Quantitative RT-PCR was performed using ABI PRISM 7900HT (Applied Biosystems, Carlsbad, CA) as described previously [5, 43]. The PCR primer sequences used for PDE4 isoforms and the accession numbers for the genes are listed in Additional file: 2 Table S2. The PCR primers used for PDE4A (pan), PDE4C (pan) and PDE4D (pan) were designed to amplify a 3’ fragment found in all PDE4 sub-families as reported before . The PCR primers used for PDE4B (pan) were designed to amplify a fragment characteristic of human PDE4B1 and PDE4B2 as reported before . The PCR primers used for PDE4B and PDE4D isoforms were designed as described previously . The relative expression unit (REU) values were determined by the setting REU of HKe3 in 2 DC as 1.0.
Immunofluorescence labeling and confocal microscopy
Quantification of apical ZO-1 signals and luminal cavities in 3-D structures
The cells were stained with an anti-ZO-1, anti-E-cadherin antibody and DAPI on day 6, and the ratio of 3-D structures with ZO-1 signals and the luminal cavities in the apical region were counted as described previously . A total of 60 of the 3-D structures from three different wells were counted.
Quantification of proliferative cells grown in 3 DC
The cells were stained with the anti-Ki-67 antibody, DAPI and phalloidin on day 3. The ratio of Ki-67-positive cells in the total cells contacting matrigel in the cross-section of 3-D structures at maximum diameter was calculated as described previously . The number of 3-D structures evaluated for each condition was 20.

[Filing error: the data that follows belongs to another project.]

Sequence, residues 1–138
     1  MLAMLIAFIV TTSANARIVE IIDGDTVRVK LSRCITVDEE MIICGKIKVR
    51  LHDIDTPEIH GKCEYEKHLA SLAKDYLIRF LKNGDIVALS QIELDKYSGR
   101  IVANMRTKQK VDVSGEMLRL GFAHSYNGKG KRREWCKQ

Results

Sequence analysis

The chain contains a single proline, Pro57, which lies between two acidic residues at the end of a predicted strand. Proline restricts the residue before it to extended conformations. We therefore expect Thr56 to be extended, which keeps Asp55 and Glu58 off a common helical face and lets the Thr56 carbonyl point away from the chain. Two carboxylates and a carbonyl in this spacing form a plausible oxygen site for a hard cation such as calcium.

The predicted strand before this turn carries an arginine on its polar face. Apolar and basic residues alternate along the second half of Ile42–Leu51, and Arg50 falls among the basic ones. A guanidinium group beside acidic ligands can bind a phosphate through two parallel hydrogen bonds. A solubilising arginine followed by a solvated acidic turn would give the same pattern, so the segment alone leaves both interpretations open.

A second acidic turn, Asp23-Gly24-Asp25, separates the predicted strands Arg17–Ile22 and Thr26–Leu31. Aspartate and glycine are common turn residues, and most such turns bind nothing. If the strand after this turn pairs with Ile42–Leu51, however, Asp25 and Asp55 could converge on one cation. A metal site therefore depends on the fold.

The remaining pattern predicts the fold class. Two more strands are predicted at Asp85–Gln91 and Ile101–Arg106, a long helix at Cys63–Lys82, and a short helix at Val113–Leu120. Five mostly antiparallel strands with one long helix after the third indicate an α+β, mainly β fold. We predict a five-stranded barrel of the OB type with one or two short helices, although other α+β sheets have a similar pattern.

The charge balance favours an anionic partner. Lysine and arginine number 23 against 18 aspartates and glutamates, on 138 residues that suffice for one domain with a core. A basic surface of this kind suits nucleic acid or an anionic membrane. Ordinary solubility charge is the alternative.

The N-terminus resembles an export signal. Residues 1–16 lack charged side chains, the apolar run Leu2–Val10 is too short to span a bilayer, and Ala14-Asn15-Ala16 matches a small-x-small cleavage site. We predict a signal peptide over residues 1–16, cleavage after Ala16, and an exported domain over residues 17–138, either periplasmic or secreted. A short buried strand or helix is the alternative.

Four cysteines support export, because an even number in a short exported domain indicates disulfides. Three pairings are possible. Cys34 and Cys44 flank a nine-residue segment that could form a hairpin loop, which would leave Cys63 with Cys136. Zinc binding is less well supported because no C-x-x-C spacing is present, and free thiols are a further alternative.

Quantification of apoptosis in 3-D structures
The cells were stained by anti-cleaved caspase-3 antibody, DAPI and phalloidin on day 6. The cleaved caspase-3-positive cells in 3-D structures were counted in the serial cross-sections of the 3-D structure ranged from 60 to 130 μm in the maximum diameter. The 3-D structures containing more than two positive cells with luminal cavity or actin assembly at the apical surface of acini were defined as the 3-D structure containing apoptotic cells. A total of 60 of the 3-D structures from three different wells were counted. The 3-D structures of HCT116 and HKe3 cells were analyzed in three independent experiments, and the average ratio of the 3-D structures containing apoptotic cells was calculated as described previously .
Western blotting analysis
The western blotting analyses were performed as described previously . The actin intensity was used as a control in the western blot analyses for ZO-1, and the relative intensity of the signal (ZO-1/Actin) was normalized to the signal-intensity in HCT116 cells treated with DMSO alone (as 100%). Pan-AKT intensity was used as a control in the western blotting analyses for p-AKT, and the relative intensity of the signal (p-AKT/pan-AKT) was normalized to the signal intensity in HCT116 cells treated with DMSO alone as 100%.
Generation of lentivirus vectors expressing PDE4B2-shRNAs